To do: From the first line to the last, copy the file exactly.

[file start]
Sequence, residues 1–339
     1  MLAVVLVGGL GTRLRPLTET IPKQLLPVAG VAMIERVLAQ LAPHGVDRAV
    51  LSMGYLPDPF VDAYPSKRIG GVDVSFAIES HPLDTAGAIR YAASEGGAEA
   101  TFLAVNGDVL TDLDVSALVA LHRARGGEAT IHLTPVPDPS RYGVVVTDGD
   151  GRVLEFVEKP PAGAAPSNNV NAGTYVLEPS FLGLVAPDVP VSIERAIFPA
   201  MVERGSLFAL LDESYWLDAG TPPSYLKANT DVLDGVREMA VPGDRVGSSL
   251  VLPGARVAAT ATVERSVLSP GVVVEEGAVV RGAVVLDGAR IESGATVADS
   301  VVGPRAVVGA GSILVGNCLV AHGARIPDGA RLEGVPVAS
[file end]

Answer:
Sequence, residues 1–339
     1  MLAVVLVGGL GTRLRPLTET IPKQLLPVAG VAMIERVLAQ LAPHGVDRAV
    51  LSMGYLPDPF VDAYPSKRIG GVDVSFAIES HPLDTAGAIR YAASEGGAEA
   101  TFLAVNGDVL TDLDVSALVA LHRARGGEAT IHLTPVPDPS RYGVVVTDGD
   151  GRVLEFVEKP PAGAAPSNNV NAGTYVLEPS FLGLVAPDVP VSIERAIFPA
   201  MVERGSLFAL LDESYWLDAG TPPSYLKANT DVLDGVREMA VPGDRVGSSL
   251  VLPGARVAAT ATVERSVLSP GVVVEEGAVV RGAVVLDGAR IESGATVADS
   301  VVGPRAVVGA GSILVGNCLV AHGARIPDGA RLEGVPVAS